Yabber bladdered & drool for yes Sir Bald Diddley, Bash Brand & Gez Gerrard are back in peak bleak-blitzing form to de-mob & dis-bland yer slate-black post bank bail-out blues. Once again the whole hoodlum hoo-dunnit is under the judiciously adjudged titling to follow The Sheik Said Shake and the thigh-slappingly splendid Have Knees Will Tremble (oh, and Snake Pit, but they obviously hadn't quite got their stride yet at that stage). Fifteen drain-piped, Hawaiian shirted riff-tide surfers, stardust cowboys n' witchdoctors of many a pin-stripe and star-barking descent slide stompin' and strutting through chicken shacks like yardbirds let loose hounding bird-dogs into corners all surviving on diets of hazy bad things, ripped out to belly dance shimmying through your back-alley barbiequeues where you can catch Duane Eddy & John Lee Hook whether Chatham (whence these cats share an ancestry with that Childish feller) or Chattanooga. Sure, they be forged from well-used templates but 'twas always so. And yuss, it does have to be this way. Rule is sonny, you can use all the authentic equipment ripped from some mythical desks in a shack that had accidental acoustic properties that acolytes get slack-jawed & sloppy...limbed and worse about, you like sorta still have to be way-a-good else you sound like some ex-trad jazz Brit rockabilly wannabe in 1957. Funny 'ow times change ain't it, eh? Similarly, you can paint a Grestch Country Gent with black paint from an authentic B&Q store, bung the fucker through 3 wah-wahs & 17 cheapo Boss distorto boxes but you ain't gonna sound like remotely Mary Chain. So spin this sprightly concoction & all its convocations to non-Blighted sounds with unbridled spirit. Aplenny.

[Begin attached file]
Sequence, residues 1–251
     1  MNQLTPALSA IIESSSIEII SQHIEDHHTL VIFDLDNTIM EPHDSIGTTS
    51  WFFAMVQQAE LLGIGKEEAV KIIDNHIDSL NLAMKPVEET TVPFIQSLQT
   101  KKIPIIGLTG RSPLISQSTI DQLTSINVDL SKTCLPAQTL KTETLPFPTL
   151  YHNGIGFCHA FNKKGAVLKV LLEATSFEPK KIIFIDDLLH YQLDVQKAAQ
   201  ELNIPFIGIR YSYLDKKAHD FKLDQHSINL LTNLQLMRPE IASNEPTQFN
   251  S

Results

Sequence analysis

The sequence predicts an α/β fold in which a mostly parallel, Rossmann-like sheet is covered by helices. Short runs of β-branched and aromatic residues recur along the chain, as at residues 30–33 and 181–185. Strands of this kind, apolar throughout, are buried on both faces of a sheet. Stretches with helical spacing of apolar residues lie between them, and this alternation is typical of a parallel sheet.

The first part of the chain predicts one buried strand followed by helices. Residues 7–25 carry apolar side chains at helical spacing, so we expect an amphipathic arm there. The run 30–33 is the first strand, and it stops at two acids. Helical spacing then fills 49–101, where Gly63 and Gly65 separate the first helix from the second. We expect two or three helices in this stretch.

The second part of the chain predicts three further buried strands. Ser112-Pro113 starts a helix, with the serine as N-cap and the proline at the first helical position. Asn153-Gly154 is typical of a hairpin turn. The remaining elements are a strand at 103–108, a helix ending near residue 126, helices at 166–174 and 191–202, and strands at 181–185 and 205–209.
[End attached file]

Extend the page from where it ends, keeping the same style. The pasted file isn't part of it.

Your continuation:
Saturday, May 01, 2010
'I live with thirteen dead cats,
A Purple dog that wears spatz - they're all living in the hall...' - I Can't Stand It
Swamp-ladled, sultry noir tucked into silky negligees, running the Nebraskas of your central nervous system back & forth from Mexico to somewhere west of Montana via Montreal, featuring the Cowboy Junkies' Timmins trio. No mere rifling through sidewalk regrets & backseat sediment this, though. It definitely isn't a trip to the same straits and street corners, though these creepy tendrils of songs find the same languidly insistent footing with eerie pedal steel & Michael Timmins understatedly tense pyroclastic guitar beneath & beyond Andy Maize's whispered, half-spoken narratives, forged from vampire tongues and alligator teeth. Sure, tales of the neglected and nefarious from badlands boulevard isn't a new musical estuary but tis a richly luxurious one to plunder when you're equipped with the right kit. There's an effortlessness that flows naturally with no constraints of plastic hipster Waits-wannabe's. It has the same addictively cloying, oppressive but airy ambience that JJ Cale oozed, before Nazi mangler Clapton neutered it. And if the one Timmins credit Angels In The Wilderness - with the exquisitely mellifluous vocals of maid Margo - resembles the orphan child of Miles From Our Home's closing hidden track then that is by no means detrimental. The total opposite, especially factoring in that you don't want for Margo's velvet vocals elsewhere, though she appears on torch duet I'm Going To Stay That Way, mirroring the duets in the Junkies catalogue. While it shares the Cowboys' characteristic quietly insinuating broiling sinistrations this is more the big city blues, as on the smokily sumptuous Lucifer's Blues, steaming street hoodoo hustle of Cuckoo's Nest and beat-poetry stream of surreal on I Can't Stand It - a sort of update of Who Do You Love? - rather than the desolately acute outback bleak, reigning in their more long-winded interludes. High lonesome in lowdown places.